Making God Known

Devotions

The experiences of others influence us. A friend’s book recommendation prompts us to download the Kindle edition as soon as we get home. A coworker’s story of a great restaurant meal causes us to grab a table at that café the next weekend. Harvard Business School professor Michael Luca quantified this effect, demonstrating from his research that a single positive online review can boost a business’s revenue by 5 to 9 percent.

Just as we might make a restaurant reservation or choose a vacation spot on the testimony of those who have been there, we are also encouraged to worship God by those who give Him public praise. In this psalm, David moves quickly from expressing personal worship to joining the praises of all His people. Our God is not the God of just one individual but is the God of all creation, rightly receiving the adoration of every creature.

No one can fathom the greatness of God (v. 3), but the worshipers in Psalm 145 tell one another about each mighty act they have witnessed in order to lead others to praise. Generation after generation, they magnify the name of God in the hearing of every living thing. Like Hannah before them (see 1 Sam. 2:1–10) and Mary after them (Luke 1:46–55), they marvel at this God who faithfully cares for the weak and needy.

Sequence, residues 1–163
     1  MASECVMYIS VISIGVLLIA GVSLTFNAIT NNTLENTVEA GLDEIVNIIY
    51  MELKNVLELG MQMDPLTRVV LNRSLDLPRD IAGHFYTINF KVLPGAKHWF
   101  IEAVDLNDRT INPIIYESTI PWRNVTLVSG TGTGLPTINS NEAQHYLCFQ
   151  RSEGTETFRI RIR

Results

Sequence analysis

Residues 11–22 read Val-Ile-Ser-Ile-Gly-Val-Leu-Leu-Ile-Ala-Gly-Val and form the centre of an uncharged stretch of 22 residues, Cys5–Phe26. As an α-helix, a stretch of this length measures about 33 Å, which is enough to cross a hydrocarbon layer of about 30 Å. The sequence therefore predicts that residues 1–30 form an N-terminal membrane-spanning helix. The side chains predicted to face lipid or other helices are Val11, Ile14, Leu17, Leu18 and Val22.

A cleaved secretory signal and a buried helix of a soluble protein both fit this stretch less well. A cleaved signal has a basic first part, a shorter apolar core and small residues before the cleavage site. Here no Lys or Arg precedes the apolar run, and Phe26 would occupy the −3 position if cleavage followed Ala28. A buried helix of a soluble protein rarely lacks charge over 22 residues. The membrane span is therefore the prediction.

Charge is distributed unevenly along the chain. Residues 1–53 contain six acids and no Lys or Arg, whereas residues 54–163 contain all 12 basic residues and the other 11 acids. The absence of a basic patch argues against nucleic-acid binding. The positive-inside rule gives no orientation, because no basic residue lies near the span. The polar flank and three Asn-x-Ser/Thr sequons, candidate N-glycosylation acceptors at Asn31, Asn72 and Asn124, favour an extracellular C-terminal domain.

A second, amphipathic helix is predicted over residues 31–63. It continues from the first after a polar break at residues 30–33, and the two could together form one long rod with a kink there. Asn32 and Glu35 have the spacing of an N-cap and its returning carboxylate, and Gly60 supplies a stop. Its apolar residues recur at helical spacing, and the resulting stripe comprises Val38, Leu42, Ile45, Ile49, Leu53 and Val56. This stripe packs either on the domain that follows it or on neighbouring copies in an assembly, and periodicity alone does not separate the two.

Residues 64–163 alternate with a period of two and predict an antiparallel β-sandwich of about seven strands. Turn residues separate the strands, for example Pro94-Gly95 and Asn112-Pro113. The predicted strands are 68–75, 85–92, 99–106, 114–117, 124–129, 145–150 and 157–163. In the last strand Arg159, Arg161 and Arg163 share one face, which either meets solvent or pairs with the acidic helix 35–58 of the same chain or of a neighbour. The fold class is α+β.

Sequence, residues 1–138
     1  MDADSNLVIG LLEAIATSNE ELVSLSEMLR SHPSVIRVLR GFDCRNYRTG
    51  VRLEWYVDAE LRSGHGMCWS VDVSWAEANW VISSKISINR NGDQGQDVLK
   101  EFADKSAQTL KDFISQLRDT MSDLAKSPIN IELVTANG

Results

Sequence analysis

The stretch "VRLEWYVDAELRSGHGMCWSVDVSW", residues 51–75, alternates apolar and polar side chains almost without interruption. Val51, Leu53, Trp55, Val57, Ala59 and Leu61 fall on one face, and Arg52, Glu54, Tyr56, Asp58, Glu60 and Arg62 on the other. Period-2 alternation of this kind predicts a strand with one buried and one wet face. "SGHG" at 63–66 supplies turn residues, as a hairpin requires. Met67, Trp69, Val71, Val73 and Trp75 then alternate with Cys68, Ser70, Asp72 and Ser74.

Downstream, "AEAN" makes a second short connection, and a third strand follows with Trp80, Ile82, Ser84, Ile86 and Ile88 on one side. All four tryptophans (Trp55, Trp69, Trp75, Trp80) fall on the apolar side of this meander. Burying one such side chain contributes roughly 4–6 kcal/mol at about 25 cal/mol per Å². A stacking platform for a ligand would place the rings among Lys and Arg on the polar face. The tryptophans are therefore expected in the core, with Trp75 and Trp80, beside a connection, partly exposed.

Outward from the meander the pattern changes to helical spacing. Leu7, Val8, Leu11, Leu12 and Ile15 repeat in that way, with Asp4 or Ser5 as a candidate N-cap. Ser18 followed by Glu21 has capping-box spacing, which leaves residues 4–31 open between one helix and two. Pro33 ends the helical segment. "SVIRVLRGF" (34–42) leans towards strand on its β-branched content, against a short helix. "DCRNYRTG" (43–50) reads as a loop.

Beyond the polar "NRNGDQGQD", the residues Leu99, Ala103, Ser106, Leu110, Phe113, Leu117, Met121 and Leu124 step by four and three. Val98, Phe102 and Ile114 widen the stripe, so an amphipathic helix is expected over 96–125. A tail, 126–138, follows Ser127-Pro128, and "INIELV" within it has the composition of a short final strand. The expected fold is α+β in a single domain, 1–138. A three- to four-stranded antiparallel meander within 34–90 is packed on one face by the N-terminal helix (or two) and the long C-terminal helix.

In their crescendo of praise, it is as if God’s people are constructing a giant arena or a huge stage where God’s glorious works are displayed for a vast audience to admire. And we join them when we add our praises to theirs, publicly telling others about the greatness of our God until that final day when “every knee will bow” and “every tongue will acknowledge God”(Rom. 14:11).

Apply the Word

Though we might feel self-conscious telling others about our experiences of God, this psalm reminds us that our praises can benefit people around us. Our public prayers and praise attest to God’s greatness and invite others to come and see what He can do. What has God done for you? Who could you encourage with your testimony of praise?

BY Megan Hill

Megan Hill (BA, Grove City College) serves on the editorial board for Christianity Today and is a regular contributor to the Her.meneutics blog and The Gospel Coalition website. She is the author of Praying Together: The Priority and Privilege of Prayer: In Our Homes, Communities, and Churches (Crossway), and she lives in West Springfield, Mass., with her husband and three children.

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